Congregation Sukkat Shalom

September 5, 2017

Action Needed!


This is from the Religious Action Center of Reform Judaism:

Today, Attorney General Jeff Sessions announced the administration’s decision to end the DACA program. DACA, or the Deferred Action for Childhood Arrivals program, has allowed nearly 800,000 undocumented immigrant youth who were brought to the United States as children to obtain work permits, attend school, and contribute openly to our economy without fear of deportation. By ending the program, the administration will again make these young people, known as DREAMers, vulnerable to deportation or detention. Participants in and applicants to DACA trusted the federal government with their names and contact information when applying to the program – information that makes them especially vulnerable to deportation now.

In a statement released today, Rabbi Jonah Dov Pesner, director of the Religious Action Center, declared, “President Trump’s decision to end the DACA program is morally misguided and poor public policy. The contributions of DACA recipients – young people brought to this country by their parents and who lack citizenship through no fault of their own – make our country stronger.”

This appalling decision demands a strong, immediate reaction. The RAC is joining with partners around the country to show broad support for DACA, including calling on Congress to step up and support DREAMers where the President failed.

We hope you will join us by taking action:
  1. Urge your Senators and Representative to immediately pass a clean Dream Act of 2017 (S.1615/H.R.3440). Congress must act now to protect DACA recipients from deportation or detention. The bipartisan Dream Act would grant DACA recipients permanent residence status and provide a pathway to citizenship for DREAMers who attend college, work in the U.S., or serve in the military.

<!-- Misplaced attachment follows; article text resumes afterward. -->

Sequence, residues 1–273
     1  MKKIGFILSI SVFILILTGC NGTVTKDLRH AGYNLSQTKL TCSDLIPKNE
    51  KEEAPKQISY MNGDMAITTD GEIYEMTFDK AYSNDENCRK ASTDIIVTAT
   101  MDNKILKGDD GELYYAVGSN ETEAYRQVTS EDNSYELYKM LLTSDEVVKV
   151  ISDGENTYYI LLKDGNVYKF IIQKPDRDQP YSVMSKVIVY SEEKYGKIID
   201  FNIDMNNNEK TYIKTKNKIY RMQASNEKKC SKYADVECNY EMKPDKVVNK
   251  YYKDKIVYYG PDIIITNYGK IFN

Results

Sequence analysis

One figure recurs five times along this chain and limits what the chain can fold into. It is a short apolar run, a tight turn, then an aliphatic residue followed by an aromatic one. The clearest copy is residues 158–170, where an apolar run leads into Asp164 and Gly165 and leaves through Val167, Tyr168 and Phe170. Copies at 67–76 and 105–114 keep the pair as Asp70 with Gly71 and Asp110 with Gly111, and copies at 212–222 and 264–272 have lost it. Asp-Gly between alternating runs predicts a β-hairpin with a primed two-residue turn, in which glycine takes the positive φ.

2. Show broad, public, and unified support in your community by joining events, vigils, and other activities to support DREAMers. Visit to find events in your community. By joining with others, we will help show the full breadth of support for DREAMers and for a just immigration system.

We also encourage you to amplify the message and show widespread support for DREAMers by posting on your social media accounts. Check out the RAC’s Facebook and Twitter accounts for posts you can share.

In Leviticus, we are demanded to welcome the stranger and “love them as yourself.” This teaching is repeated 35 times in the Torah, the most repeated of any commandment. Our own people’s history as “strangers” remind us of the many struggles faced by immigrants today. The administration’s decision to end DACA compels us to affirm our commitment to these values by standing with the young people affected by the termination of the DACA program. Thank you for taking action with us.

May 26, 2017

The First Six Months


The Social Action Working Group (SAWG) is approaching its 1/2 year birthday. It has been an extremely busy six months with SAWGers working collectively and individually to further our mission of pursuing the ideals of tzedek and the mitvah of tikkun olam.